- age over 50
- experiencing trouble swallowing
- losing significant weight
These signal a need for medical attention and endoscopic screening.
Gastric Cancers (Gastrointestinal stromal tumors or GISTs) occur in the digestive system. Other terms for these types of cancers are Gastric myoblastoma and Gastric myosarcoma.
The digestive system includes the esophagus, liver, stomach, gall bladder, large and small intestines, and rectum. The digestive system processes food to fuel the body and gets rid of waste. About half of GISTs occur in the stomach, but they can occur anywhere in the digestive system.
Theories about GISTs say that they begin in special cells of the digestive system. These cells are called interstitial cells of Cajal (ICCs). They send signals that tell the digestive system to contract, which moves food and liquid through the digestive system.
Many cancers of the liver, called hepatobilliary cancers, exhibit no outward symptoms to patients before diagnosis. Hepatocellular carcinoma is a particularly “silent” cancer. While most cancers are routinely biopsied, liver cancers are not since biopsy can cause them to spread. That’s why patients with suspect masses on their liver need careful evaluation by experienced hepatobilliary cancer experts. Hartford Hospital is one of the few regional hospitals whose expertise also includes liver transplant surgery.
A Multidisciplinary Team Approach to Hepatobilliary Cancer
A multidisciplinary team of gastroenterologists and liver experts convene to evaluate patients with known liver masses. Together they decide the best course of action based on blood tests, MRI findings, and the size and number of liver masses present. Interventional radiologists may be called upon to perform procedures like chemo embolization or cryoablation to freeze the mass. Every available treatment option is considered to determine the most effective care for the best outcome.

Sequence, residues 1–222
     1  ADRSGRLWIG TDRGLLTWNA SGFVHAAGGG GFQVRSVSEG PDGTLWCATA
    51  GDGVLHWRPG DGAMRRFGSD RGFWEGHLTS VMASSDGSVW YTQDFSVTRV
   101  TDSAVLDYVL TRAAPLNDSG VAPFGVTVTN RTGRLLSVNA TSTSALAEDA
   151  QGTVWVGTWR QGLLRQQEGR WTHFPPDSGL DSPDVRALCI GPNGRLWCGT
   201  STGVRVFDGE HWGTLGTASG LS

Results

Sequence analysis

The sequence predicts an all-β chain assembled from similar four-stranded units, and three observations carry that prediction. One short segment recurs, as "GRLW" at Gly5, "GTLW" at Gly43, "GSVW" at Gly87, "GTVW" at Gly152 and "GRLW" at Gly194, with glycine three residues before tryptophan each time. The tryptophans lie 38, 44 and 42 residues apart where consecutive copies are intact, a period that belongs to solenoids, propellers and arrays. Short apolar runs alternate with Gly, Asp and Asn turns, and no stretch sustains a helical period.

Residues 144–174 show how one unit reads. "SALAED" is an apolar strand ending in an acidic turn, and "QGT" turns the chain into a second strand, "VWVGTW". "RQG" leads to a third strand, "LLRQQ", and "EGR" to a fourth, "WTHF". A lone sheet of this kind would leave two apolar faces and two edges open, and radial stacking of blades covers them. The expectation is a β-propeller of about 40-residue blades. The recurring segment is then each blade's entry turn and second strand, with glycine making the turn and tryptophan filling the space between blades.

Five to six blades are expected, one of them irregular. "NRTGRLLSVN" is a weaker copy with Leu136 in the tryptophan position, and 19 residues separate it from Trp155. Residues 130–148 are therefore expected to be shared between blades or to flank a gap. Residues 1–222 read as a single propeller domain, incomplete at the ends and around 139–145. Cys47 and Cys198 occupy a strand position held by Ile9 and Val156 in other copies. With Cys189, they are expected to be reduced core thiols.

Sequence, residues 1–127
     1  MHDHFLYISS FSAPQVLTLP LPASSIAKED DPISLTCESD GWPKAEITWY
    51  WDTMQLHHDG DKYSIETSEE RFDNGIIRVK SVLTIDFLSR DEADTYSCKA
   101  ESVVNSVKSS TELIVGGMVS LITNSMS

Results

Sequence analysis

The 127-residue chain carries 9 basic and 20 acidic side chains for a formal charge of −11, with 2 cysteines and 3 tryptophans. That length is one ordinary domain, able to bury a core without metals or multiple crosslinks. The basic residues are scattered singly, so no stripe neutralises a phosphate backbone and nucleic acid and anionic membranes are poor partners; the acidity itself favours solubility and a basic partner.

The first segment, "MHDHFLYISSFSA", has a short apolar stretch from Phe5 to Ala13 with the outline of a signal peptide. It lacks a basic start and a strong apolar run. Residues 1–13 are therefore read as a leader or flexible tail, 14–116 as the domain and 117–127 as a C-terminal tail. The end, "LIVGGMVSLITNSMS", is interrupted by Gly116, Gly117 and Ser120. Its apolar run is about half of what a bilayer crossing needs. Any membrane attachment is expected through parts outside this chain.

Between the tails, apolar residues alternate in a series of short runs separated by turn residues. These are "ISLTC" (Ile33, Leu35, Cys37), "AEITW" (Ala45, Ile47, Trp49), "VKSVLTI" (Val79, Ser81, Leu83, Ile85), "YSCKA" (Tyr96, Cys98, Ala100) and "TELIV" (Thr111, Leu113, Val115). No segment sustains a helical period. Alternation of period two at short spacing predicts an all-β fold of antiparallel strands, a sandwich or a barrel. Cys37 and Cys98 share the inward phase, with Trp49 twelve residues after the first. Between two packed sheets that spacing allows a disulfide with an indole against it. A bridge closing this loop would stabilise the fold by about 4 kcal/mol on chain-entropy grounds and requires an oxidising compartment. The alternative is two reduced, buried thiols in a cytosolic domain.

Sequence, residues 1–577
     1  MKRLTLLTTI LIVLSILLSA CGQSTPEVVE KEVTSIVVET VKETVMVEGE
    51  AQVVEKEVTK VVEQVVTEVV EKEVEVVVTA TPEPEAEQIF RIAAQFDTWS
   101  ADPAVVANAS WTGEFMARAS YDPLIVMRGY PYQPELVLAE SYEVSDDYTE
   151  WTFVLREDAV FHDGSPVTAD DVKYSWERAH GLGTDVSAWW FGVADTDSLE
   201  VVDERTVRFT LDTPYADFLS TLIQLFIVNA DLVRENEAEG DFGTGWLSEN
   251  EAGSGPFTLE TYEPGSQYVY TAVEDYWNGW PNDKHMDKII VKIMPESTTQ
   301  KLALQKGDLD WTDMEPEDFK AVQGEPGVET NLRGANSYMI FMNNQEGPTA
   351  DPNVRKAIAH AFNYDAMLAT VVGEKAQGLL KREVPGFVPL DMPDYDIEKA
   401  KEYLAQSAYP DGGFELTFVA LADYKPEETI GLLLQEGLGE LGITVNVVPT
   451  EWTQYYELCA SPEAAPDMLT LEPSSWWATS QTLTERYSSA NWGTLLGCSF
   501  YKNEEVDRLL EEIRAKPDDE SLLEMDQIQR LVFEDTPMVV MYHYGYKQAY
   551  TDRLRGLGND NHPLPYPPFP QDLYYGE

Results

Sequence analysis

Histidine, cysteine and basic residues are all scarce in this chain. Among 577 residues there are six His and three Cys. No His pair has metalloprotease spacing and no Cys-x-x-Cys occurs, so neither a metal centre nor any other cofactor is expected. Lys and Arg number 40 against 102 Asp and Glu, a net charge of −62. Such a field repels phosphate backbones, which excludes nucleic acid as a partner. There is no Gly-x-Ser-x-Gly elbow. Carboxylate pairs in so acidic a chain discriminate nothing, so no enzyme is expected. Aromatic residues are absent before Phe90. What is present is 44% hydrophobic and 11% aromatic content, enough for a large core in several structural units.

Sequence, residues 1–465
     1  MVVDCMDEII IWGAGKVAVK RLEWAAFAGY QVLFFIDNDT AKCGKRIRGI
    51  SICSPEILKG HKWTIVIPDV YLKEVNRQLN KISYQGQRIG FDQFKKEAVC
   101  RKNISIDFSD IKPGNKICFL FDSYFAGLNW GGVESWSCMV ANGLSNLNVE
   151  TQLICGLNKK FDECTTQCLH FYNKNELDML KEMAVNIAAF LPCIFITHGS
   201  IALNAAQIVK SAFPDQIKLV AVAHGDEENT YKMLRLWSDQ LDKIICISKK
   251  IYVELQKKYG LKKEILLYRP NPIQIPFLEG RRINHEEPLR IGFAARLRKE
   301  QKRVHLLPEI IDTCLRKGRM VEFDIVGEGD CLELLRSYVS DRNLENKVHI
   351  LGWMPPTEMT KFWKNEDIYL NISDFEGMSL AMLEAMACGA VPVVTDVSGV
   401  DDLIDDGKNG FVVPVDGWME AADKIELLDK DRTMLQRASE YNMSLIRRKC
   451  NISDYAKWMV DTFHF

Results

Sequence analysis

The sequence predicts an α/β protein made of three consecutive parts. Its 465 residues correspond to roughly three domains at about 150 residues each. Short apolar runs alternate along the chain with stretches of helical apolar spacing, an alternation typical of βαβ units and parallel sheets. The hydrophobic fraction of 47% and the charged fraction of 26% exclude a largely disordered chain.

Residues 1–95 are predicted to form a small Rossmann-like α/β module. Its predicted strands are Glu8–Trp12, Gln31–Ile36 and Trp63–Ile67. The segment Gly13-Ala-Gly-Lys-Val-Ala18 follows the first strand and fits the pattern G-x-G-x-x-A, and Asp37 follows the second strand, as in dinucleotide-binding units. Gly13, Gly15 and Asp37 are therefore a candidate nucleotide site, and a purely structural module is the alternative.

Specialized workgroups in hepatobiliary cancer include surgeons, medical oncologists, pathologists and radiation oncology experts. Each week these specialists come together to diagnose and stage cancers as well as address challenging patient issues. A dedicated team of nurse practitioners helps patients manage issues and symptoms, and. Integrative medicine techniques like Reiki and accupunture help manage symptoms from chemotherapy and radiation treatments. Whenever appropriate, we connect patients with clinical trials offering the most promising advances in treating their liver cancer. We make sure to support patients with any resources they (and their families) may need.